Visually, as elsewhere, Spielberg preserves the spirit of the original without replicating it in detail. Most notably, he and cinematographer Janusz Kamiński (Schindler’s List) move away from the strongly geometrical compositions of 1961 (where parts of buildings, chainlink fence and so on constantly complemented the choreography) in favour of more naturalistic backdrops. The shapes are there, for example in the rumble, but they’re not really emphasised until the end credits.

The boys are dirtier, the streets are more populated (with black people more visible), and there’s an abundance of stuff generally, as well as incidental business with it (a bar sign, a vegetable truck…) The gym dance, some of it shot in near-abstract style in 1961, is here presented more plainly.

But in his directorial approach Spielberg does glance back to the first film, incorporating just enough of its visual atmosphere to keep it in audience’s minds. For example, where Maria’s first scene in 1961 was heavily colour-coded with an emphasis on purples, here it’s the gym dance that receives that treatment (the Jets all in shades of blue, the Sharks in much more motley colours).

None of this, of course, would be of more than academic interest if the film weren’t so damn good. But, while it is maybe less adventurous and less sharp-edged than Wise’s version, everything in Spielberg’s West Side Story works just as well in its own right, and for those who think the classics can’t be satisfactorily remade, it is just as much as A Star is Born (2018) a reminder that sometimes they can be.

Leonard Bernstein reportedly felt overshadowed in later years by West Side Story, and probably would’ve preferred to be remembered for work like Candide or the Chichester Psalms. That is, however, his own fault for doing West Side Story so near-perfectly. Sondheim actually did go on to produce better things than his West Side Story lyrics once he started composing as well as writing—perhaps the best of all, in their very different ways, being Sunday in the Park With George and Sweeney Todd: The Demon Barber of Fleet Street.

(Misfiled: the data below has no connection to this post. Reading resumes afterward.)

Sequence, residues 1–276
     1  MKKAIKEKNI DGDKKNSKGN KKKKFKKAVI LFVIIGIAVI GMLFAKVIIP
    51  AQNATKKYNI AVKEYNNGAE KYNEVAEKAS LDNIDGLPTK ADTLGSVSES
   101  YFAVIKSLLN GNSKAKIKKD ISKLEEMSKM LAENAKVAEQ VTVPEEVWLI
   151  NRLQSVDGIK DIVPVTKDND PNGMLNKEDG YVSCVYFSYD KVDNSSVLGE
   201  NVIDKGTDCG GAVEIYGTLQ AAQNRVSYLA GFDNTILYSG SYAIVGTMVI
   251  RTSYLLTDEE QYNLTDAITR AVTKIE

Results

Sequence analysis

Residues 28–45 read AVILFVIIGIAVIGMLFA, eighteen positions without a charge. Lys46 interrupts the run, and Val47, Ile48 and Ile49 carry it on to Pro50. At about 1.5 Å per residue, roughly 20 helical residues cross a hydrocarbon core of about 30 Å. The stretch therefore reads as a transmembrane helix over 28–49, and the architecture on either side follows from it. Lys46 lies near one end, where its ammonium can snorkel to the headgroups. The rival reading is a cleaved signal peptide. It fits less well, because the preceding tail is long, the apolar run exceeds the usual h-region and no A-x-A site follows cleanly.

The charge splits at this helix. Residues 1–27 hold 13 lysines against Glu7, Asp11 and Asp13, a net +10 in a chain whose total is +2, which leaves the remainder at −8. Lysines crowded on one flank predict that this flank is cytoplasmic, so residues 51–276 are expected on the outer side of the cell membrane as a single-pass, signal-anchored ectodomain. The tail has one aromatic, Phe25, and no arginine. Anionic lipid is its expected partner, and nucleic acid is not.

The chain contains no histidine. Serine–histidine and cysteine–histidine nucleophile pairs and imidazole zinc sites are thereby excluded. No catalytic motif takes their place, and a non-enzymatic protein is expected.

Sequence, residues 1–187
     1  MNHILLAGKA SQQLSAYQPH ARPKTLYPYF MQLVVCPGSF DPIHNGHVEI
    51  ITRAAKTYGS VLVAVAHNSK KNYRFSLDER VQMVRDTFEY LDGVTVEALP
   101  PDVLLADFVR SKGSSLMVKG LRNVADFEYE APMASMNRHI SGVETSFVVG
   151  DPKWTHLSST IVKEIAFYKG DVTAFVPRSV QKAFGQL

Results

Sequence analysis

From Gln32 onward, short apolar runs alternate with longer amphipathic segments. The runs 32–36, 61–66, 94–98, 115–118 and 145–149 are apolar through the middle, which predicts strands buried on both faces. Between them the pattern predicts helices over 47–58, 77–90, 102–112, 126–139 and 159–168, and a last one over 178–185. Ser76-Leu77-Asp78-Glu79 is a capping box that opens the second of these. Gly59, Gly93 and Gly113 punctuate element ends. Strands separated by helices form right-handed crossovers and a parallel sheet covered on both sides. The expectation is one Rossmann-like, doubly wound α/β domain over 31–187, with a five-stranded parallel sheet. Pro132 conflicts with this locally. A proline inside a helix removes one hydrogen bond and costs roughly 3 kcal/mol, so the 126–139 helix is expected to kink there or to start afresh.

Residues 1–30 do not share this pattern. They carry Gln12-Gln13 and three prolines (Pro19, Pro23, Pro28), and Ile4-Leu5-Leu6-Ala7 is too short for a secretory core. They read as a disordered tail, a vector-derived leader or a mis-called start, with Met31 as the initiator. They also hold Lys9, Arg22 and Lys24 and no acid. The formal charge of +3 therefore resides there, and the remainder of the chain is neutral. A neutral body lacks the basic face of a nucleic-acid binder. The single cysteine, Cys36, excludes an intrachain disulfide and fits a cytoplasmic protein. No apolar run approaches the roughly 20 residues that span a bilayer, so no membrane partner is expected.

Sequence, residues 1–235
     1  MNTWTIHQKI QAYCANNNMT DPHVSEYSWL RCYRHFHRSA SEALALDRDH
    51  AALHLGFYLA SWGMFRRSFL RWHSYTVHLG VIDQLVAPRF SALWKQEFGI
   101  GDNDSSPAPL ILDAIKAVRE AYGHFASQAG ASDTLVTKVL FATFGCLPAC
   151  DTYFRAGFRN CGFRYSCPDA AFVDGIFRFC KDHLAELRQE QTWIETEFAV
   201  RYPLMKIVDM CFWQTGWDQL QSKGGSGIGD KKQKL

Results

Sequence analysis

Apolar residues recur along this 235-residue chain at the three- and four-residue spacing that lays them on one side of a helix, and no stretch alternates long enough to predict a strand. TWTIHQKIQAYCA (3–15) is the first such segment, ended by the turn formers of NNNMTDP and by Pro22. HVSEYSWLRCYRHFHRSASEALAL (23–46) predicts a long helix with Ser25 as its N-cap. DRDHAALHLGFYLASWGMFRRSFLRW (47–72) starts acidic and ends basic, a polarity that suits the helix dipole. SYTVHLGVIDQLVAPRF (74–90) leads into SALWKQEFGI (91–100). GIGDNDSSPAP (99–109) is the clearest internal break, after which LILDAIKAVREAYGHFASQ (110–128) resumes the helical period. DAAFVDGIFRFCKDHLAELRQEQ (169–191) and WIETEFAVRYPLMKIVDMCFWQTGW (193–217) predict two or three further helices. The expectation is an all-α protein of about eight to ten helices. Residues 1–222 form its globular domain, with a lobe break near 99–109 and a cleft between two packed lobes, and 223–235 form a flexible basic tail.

But for all their indisputable merits, none of these has achieved anything like the legendary status of West Side Story. It’s famous, beloved, and admired for good reason (popularity doesn’t necessarily equate to poor quality)—and now Spielberg’s new version, which loses none of the original’s most important strengths while adding its own additional layers of meaning, may help to consolidate the legend further and for new generations. This time, he has made a movie that is not just good, but at least verges on greatness; a pity it’s come a few days after for our Spielberg favourites feature, because it surely belongs there.

USA | 2021 | 156 MINUTES | 2.39:1 | COLOUR | ENGLISH • SPANISH

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Cast & Crew

director: Steven Spielberg.
writers: Tony Kushner (2021 screenplay), Stephen Sondheim (lyrics) & Arthur Laurents (original stage play).
starring: Ansel Elgort, Rachel Zegler, Ariana DeBose, David Alvarez, Rita Moreno, Brian d’Arcy James, Corey Stoll, Mike Faist & Josh Andrés Rivera.